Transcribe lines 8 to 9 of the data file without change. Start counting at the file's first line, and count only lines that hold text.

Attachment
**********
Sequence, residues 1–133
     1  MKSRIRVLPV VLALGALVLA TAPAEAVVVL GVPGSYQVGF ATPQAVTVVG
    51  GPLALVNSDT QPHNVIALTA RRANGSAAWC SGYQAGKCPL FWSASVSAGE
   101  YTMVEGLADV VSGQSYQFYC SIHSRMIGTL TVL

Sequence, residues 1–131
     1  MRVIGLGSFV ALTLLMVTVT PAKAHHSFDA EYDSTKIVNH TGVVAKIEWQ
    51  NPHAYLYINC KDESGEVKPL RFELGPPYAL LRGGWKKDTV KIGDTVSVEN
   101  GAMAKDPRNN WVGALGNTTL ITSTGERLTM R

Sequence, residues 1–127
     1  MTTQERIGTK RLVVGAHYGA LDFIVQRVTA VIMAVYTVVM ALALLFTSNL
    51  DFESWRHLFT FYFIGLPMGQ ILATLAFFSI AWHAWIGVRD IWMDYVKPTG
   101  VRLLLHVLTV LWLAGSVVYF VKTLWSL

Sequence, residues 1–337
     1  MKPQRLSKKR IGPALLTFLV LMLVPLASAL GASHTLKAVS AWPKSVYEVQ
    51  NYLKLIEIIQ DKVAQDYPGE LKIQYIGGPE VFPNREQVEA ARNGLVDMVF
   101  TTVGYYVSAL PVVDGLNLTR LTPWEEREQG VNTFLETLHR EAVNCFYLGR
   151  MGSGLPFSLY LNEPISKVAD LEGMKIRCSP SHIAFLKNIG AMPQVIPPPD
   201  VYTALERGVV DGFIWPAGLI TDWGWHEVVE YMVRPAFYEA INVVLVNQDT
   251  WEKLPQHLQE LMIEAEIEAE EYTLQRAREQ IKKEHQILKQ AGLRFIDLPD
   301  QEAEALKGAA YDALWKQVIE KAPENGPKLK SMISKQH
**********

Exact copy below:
   101  GAMAKDPRNN WVGALGNTTL ITSTGERLTM R

Sequence, residues 1–127